There’s been a good deal of chatter and even video posted lately about Hyperspace, Phoenix Technologies instant-on OS for netbooks. Sony seems to have felt the pressure as well launching the Sony Vaio P with their XMB start-up option.
In both cases, you get a limited OS but access to things you are most likely to want to check quickly – email, web, voip music etc … It sounds good though as I’ve thought about my own usage, I don’t actually turn the machine off. My laptops and netbook are basically always on. I put things in standby when they go in my bag for my commute and even when I’m heading to the airport. I’ve never felt that the limited loss of battery life was substantial enough to be concerned with or something that warranted turning the computer off to conserve.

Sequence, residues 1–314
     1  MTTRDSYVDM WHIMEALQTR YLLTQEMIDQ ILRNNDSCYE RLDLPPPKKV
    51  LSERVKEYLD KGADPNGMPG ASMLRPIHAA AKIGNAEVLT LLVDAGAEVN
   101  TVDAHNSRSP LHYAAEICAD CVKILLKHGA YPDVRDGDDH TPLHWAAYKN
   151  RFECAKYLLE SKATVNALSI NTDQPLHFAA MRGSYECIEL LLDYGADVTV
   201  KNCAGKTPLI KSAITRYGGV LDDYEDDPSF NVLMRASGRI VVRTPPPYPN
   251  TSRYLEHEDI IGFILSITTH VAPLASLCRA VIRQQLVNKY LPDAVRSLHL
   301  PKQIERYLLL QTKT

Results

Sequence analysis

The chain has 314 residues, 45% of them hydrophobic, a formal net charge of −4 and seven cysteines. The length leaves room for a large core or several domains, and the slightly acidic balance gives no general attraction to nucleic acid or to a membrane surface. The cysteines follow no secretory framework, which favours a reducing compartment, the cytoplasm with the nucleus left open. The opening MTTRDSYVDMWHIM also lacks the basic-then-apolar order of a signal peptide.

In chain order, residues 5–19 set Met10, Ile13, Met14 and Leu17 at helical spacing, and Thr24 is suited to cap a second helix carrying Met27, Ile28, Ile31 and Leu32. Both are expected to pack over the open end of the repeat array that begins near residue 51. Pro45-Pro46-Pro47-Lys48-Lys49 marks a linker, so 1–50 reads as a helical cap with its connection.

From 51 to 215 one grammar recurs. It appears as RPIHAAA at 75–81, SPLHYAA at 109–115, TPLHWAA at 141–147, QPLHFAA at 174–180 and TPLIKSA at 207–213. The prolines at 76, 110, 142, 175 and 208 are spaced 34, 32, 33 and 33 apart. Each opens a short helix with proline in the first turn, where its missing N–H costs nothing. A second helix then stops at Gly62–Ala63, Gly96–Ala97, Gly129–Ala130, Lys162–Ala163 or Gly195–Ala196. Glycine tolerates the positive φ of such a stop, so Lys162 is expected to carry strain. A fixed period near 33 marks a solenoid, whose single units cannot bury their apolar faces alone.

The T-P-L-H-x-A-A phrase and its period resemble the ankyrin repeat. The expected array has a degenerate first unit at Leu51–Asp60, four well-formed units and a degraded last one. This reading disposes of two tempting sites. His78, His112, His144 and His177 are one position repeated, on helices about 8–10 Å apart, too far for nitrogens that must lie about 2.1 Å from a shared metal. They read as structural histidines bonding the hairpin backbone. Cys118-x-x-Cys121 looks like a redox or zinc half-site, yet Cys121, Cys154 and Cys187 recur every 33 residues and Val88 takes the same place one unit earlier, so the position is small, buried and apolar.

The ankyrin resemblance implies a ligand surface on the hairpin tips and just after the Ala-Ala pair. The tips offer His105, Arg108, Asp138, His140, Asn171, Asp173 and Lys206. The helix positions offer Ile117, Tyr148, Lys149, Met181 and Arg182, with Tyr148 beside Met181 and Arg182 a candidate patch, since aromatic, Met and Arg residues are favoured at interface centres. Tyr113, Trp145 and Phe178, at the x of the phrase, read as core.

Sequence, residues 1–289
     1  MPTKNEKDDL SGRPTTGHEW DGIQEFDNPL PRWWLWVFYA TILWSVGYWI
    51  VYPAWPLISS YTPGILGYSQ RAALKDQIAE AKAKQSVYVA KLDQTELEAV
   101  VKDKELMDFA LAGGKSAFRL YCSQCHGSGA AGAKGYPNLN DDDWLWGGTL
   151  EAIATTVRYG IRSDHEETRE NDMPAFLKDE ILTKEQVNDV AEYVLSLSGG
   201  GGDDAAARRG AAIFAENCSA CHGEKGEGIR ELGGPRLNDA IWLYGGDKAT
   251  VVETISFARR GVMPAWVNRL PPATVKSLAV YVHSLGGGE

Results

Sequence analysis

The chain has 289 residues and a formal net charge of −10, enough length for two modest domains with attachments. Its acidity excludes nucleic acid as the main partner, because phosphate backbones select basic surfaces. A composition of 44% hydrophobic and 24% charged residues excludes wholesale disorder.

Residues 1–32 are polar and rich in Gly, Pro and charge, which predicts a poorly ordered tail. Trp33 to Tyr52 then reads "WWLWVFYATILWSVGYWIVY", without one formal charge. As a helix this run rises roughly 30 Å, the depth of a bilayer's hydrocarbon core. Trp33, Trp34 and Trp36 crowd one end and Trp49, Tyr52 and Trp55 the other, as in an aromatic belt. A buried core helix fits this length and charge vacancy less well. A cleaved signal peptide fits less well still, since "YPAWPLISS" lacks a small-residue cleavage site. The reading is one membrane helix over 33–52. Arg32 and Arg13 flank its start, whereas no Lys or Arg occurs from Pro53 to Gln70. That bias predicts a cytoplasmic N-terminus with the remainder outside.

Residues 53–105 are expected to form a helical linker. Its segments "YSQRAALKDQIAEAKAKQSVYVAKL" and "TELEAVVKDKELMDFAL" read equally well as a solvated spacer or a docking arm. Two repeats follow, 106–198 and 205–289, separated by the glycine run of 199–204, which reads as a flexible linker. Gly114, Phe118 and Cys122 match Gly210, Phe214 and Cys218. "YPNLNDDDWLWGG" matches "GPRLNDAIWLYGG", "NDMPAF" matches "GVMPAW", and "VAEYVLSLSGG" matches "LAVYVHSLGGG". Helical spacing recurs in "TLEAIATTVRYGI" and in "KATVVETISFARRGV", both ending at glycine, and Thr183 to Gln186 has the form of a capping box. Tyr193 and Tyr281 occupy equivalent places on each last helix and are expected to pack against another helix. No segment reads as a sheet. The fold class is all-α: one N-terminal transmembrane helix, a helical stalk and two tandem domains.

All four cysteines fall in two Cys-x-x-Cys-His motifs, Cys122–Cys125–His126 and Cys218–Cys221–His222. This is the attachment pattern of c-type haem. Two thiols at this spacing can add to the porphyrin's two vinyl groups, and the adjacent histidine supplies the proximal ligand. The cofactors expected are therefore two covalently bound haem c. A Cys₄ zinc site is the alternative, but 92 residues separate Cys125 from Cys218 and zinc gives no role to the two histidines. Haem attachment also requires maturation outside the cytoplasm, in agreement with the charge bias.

According to liliputing, the boot time savings is about 30 seconds on a Lenovo S10 they tested recently. AllThingsD recently gave this a test as well:
“Itâ€™s misleading to say that the Phoenix HyperSpace products offer a faster way to start up your computer, because they donâ€™t actually open Windows, which is your computerâ€™s heart and soul. Instead, they offer a primitive, bare-bones user interface that relies on Web-based applications. For example, you can send and receive email, but only by using a Web-based email program like Gmail or Hotmail. Documents must be created using a program like Google Docs, and when you watch videos, you must use a player like YouTube rather than something like Windows Media Player or QuickTime. Photos can be viewed either via a photo Web site like Flickr or in the HyperSpace browser. Nothing like Word or PowerPoint is available in this slimmed-down environment.”[AllThingsD]
If something like an email needs immediate (of course a very relative term) attention I’ve got my phone. Otherwise I think waiting the few extra moments will give me to tools to deal with a situation more effectively.